HUNTINGTON BEACH — Add this colorful seaside city to the list of alleged gamblers, drug pushers, arsonists and extortionists who have been accused of violating the federal government's anti-racketeering act.
A federal judge in Los Angeles has ruled that Huntington Beach can indeed be sued as a "racketeer" for allegedly operating an illegal speed trap.
In a ruling made public Wednesday and believed to be the first of its kind in the nation, U.S. District Judge Stephen V. Wilson said that Seal Beach lawyer Ernest J. Franceschi Jr. has sufficient grounds to allege that an illegal speed trap can amount to extortion--getting money through threats or misuse of authority. The city denies that it operated a speed trap.
Franceschi, who said he was caught three times in a Huntington Beach speed trap on Pacific Coast Highway, is seeking $60 million in damages from the city. His novel suit uses the federal Racketeer Influenced and Corrupt Organizations Act, or RICO, as its legal tool. The case is believed to be the first in which a speed trap has been ruled a legitimate issue under the anti-racketeering law.
"To the best of our knowledge, there's never been anything like this," said a spokesman for the U.S. Justice Department in Washington. "A speed trap. This \o7 is\f7 an unusual RICO case."
The RICO Act was passed by Congress as a way of attacking organized crime. Most RICO cases involve persons accused of gangland-style activities, such as drug rings. The federal law defines "racketeering activity" as dealing in narcotics, murder, kidnap, gambling, arson, robbery, bribery or extortion.
UCLA Law School Associate Dean Norman Abrams, who teaches classes on RICO law, said that the speed-trap suit "is what I'd call one of the esoteric uses of the RICO law." Abrams noted that some lawyers contend that the federal anti-racketeering law has already been extended unwisely into various civil cases.
Abrams said Wilson's ruling does not widely expand the reach of the anti-racketeering law but obviously does expand RICO to cover speed-trap allegations. "The real issue here is whether speed traps are extortion," Abrams said.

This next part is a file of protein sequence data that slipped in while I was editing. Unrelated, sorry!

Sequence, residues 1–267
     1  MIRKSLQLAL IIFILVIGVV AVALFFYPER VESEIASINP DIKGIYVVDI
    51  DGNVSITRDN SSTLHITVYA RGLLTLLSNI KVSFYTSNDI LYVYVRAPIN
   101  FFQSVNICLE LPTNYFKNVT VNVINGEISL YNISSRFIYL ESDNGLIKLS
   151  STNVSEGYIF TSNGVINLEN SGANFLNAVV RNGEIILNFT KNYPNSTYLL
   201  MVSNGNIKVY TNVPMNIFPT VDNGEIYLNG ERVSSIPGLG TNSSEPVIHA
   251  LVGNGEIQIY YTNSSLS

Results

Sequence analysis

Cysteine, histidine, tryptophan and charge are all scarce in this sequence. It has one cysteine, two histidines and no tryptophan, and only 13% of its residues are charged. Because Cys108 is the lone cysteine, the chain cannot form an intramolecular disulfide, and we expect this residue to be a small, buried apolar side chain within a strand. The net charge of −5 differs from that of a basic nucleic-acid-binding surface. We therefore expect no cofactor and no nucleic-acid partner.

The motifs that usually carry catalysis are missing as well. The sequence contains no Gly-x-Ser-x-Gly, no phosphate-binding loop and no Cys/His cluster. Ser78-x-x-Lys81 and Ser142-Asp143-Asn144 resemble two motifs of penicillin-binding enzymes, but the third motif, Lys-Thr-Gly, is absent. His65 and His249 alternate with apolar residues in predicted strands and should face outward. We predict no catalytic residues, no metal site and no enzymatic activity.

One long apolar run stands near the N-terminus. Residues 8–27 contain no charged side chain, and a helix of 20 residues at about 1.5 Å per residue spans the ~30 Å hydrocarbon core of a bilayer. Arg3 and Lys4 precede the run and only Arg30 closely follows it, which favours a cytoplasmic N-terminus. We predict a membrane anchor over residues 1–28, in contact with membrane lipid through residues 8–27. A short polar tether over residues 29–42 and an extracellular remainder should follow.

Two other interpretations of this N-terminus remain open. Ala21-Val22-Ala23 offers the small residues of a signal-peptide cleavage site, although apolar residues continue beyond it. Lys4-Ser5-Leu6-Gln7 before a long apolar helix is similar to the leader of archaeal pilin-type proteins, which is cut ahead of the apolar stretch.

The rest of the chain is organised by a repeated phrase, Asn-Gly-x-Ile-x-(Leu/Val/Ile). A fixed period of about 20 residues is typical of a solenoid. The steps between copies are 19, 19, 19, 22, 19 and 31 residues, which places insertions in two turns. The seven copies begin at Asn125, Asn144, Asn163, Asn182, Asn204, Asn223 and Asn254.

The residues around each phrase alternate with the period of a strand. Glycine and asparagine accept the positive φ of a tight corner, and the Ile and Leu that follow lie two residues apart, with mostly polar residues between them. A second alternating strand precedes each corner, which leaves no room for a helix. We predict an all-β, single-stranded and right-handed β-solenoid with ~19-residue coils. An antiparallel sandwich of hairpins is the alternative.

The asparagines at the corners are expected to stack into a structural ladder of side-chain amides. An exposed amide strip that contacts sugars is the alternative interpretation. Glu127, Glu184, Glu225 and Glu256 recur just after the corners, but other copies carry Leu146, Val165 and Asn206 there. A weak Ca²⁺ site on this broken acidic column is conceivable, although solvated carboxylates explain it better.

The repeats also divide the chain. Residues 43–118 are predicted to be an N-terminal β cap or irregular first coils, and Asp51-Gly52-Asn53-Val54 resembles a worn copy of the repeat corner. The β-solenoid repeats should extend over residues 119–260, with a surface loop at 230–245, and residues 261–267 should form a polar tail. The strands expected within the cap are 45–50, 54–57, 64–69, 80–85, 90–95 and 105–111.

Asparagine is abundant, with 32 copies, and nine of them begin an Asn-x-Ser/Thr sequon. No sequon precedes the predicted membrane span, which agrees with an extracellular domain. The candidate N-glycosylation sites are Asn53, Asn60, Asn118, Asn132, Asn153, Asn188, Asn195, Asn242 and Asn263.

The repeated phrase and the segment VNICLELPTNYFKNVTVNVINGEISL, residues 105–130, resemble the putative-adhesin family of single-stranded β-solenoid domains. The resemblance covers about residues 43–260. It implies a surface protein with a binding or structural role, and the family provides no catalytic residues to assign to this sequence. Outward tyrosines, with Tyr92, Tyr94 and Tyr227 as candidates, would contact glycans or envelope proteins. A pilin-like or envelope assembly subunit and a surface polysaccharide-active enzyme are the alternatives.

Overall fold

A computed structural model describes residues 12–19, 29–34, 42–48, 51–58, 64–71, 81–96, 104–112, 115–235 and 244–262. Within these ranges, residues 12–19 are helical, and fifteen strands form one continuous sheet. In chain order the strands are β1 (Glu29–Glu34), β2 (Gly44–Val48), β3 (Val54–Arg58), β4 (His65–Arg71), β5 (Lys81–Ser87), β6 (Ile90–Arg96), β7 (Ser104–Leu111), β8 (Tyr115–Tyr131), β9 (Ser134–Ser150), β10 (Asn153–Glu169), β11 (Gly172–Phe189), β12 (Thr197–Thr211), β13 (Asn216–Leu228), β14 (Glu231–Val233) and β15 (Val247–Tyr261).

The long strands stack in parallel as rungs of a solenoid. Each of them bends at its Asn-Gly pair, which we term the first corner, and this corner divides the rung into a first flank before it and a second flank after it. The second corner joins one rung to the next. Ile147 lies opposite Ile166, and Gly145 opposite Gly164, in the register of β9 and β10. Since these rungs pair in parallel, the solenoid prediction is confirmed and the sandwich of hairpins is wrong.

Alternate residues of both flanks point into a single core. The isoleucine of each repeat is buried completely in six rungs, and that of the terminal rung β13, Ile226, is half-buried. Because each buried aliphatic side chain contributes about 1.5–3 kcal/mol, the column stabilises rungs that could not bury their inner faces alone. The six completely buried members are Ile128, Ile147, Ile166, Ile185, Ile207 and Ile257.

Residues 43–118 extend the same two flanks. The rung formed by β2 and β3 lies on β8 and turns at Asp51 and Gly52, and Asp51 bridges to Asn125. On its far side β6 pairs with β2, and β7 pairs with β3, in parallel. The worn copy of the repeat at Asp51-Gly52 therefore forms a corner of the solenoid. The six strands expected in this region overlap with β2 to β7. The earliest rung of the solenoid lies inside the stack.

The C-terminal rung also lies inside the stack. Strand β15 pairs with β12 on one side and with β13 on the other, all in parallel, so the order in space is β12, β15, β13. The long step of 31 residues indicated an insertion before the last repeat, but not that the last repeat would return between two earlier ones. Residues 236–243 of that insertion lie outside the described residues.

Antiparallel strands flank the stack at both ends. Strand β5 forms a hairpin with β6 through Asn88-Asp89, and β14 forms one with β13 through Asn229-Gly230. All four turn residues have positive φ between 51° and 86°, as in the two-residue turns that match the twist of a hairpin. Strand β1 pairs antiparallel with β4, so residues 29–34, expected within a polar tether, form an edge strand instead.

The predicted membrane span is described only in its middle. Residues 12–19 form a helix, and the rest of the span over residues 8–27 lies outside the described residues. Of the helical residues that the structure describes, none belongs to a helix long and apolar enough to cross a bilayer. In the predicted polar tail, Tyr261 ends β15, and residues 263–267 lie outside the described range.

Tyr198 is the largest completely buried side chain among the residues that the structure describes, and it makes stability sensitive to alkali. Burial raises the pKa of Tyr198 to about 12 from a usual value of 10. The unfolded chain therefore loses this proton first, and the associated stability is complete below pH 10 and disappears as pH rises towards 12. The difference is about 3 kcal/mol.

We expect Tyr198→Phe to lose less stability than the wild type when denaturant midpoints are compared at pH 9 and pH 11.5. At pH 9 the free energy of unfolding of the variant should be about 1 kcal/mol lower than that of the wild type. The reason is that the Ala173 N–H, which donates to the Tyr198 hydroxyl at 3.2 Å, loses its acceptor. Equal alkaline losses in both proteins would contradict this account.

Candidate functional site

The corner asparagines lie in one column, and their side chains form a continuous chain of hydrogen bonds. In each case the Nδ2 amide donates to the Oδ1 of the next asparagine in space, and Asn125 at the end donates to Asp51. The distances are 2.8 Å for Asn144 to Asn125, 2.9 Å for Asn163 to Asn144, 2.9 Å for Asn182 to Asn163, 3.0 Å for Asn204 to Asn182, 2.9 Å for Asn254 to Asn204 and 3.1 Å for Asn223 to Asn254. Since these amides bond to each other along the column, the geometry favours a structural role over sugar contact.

Franceschi's suit claims that Huntington Beach, by allegedly using an illegal speed trap on Pacific Coast Highway, was guilty of "extorting" money from motorists. The city, which has repeatedly said that no speed trap exists, urged Wilson to dismiss the suit shortly after it was filed March 20.
But in his ruling in U.S. District Court in Los Angeles, Wilson said: "Plaintiff (Franceschi) asserts that the wrongful use of the speed traps to obtain money from unsuspecting persons amounts to extortion. . . . The court finds that plaintiff has sufficiently pleaded an enterprise and a pattern of racketeering activity as required by RICO."
While agreeing that the anti-racketeering law could be used in the lawsuit, Wilson ruled that Franceschi's action had not cited the proper section of the law. He therefore dismissed the suit on technical grounds but gave Franceschi 10 days to change the wording of the suit and thus make it acceptable.
Franceschi, in an interview on Wednesday, said he can quickly comply with the ruling and have the suit once more active in federal court. "I'm very pleased," he said. "Basically, the judge has said this suit can be maintained under RICO. The way things are lining up, I think we're on solid ground. But we're quite a way from trial. I imagine the city will appeal this."
City Atty. Gail Hutton was not available to comment on Wilson's ruling.
But police officials insisted Wednesday, as they have in the past, that Franceschi will fail to prove that a speed trap has ever existed in Huntington Beach.
"We work radar on that stretch of (Pacific Coast) highway, and we have for many, many years because of the number of bad accidents there," Police Capt. J. Barry Price said. "But it's no speed trap."
There are three speed limits on Pacific Coast Highway, between Warner Avenue and Main Street, in Huntington Beach. At the edge of the city limits, the permissible highway speed is 55 m.p.h. It then drops to 45 m.p.h. and to 35 m.p.h. as the highway nears Main Street.
State law defines a "speed trap" as being a portion of a highway where radar enforcement is used and which has a speed limit not justified by an engineering and traffic survey made within the past five years. Franceschi's suit contends that no such traffic-engineering survey has been done in the past 10 years on the stretch of Pacific Coast Highway between Warner Avenue and Main Street. It is that section where Franceschi was cited for speeding three times in the past two years.
Franceschi said that all three of his speeding citations were dismissed in Orange County courts. He said the city could not produce proof of a traffic-engineering survey justifying use of radar along Pacific Coast Highway. That lack of such proof shows that an illegal speed trap exists, Franceschi says.
Barry said that such a survey has been made, but he said he did not know the exact date.